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Questions About Locked-in Syndrome

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Old 02-18-2011, 06:52 PM   #1
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Questions About Locked-in Syndrome

I'm a student and working on a project for my program design class, and I read a newspaper article a bit ago about someone with Locked-in Syndrome and I have a few questions and don't know where to go to get them answered... so I'm trying here!

So the articles I read said that whoever it was could only communicate via blinking. I'm just wondering if that form of speech is common in paralysis patients, or something similar (like Stephen Hawking has some control of hands I guess). I watched The Diving Bell and the Butterfly, and they had a way of going through the alphabet until he blinked to spell out words. Is that the typical way of going about it, or are there faster methods?

And also, if paralysis affects the operations of the brain, specifically in the frontal lobe?

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Old 02-19-2011, 08:57 AM   #2
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Re: Questions About Locked-in Syndrome

Locked-in syndrome usually follows a stroke(although severe Guillain-Barre can do it too). It damages or destroys the ability of the person to move from the mid-face area on down. They also cannot move their eyes to the left and right. They can't speak or swallow, breathe or move their limbs. However, the brain functions and consciousness remains intact. They sleep and wake like everyone else and can only communicate through eye movements.

We had neighbors with a child who could not speak due to cerebral palsy and I know with time, the computer was adjusted to pick up entire words that he used regularly instead of each letter. He'd blink at a letter and it would bring up a list of his commonly used words and then he could choose the word he wanted. In some cases, it would just go to a certain word and then he could cancel that word and chose another. It depends of the ability of the user and the speed and sophistication of the computer.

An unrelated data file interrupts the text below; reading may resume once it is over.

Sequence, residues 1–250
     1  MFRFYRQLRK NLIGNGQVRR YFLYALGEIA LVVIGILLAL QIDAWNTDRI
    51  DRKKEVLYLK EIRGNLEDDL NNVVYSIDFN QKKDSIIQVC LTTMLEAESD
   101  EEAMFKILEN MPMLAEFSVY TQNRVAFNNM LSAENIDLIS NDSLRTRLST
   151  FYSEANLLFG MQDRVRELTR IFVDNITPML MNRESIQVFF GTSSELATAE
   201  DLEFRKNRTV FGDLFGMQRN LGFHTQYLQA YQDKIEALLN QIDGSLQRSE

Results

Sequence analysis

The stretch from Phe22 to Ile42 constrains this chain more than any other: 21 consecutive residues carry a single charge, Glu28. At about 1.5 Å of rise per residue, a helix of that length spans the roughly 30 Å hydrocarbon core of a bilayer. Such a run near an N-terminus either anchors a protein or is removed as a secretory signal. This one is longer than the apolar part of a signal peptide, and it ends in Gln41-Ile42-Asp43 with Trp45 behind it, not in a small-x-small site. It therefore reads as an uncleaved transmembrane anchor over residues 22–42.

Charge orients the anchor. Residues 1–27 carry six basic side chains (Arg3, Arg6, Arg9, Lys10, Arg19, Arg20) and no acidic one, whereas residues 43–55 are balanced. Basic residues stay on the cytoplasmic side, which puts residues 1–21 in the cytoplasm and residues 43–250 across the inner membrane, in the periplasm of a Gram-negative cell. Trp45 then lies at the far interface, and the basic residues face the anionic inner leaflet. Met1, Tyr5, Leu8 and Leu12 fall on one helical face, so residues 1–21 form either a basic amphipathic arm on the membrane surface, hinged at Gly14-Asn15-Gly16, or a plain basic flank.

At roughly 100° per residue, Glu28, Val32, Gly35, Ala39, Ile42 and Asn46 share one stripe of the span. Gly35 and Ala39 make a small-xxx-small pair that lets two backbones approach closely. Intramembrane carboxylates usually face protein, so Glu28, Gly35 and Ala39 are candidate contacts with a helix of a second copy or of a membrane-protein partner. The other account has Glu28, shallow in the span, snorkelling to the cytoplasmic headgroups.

Stephen Hawking's problem is different. He has chronic ALS....very rare. ALS usually kills in 2-5 years by causing paralysis of all the muscles, starting with the voice and vocal cords. He cannot speak but does have some movement, including movement in his face...he can smile. In Locked-in syndrome, everything is paralyzed except the up and down movement of the eyes and the ability to open and close the eyelids. If you broke your neck at the base of your skull...the highest you can'd have movement of the face and mouth, eyes and scalp muscles. Because this happens in the brain, it affects the cranial nerves too and renders you paralyzed basically from the eyes down.

If you've ever seen someone who's had a stroke on one side of the brain, the often have one side of the face that droops and they drool out that same side of the mouth. They may not be able to open and close the eyelid on that side either. Same process but the stroke occurs on both sides of the brain and gives you the same thing but on both sides instead of just one.

Hope this helps you to better understand this most agonizing of brain injuries. For more info on the computers they use for eye blink communication, try doing some searching for agencies that provide computers for people with severe cerebral palsy who cannot speak or have controlled use of their hands. It pioneered with them.


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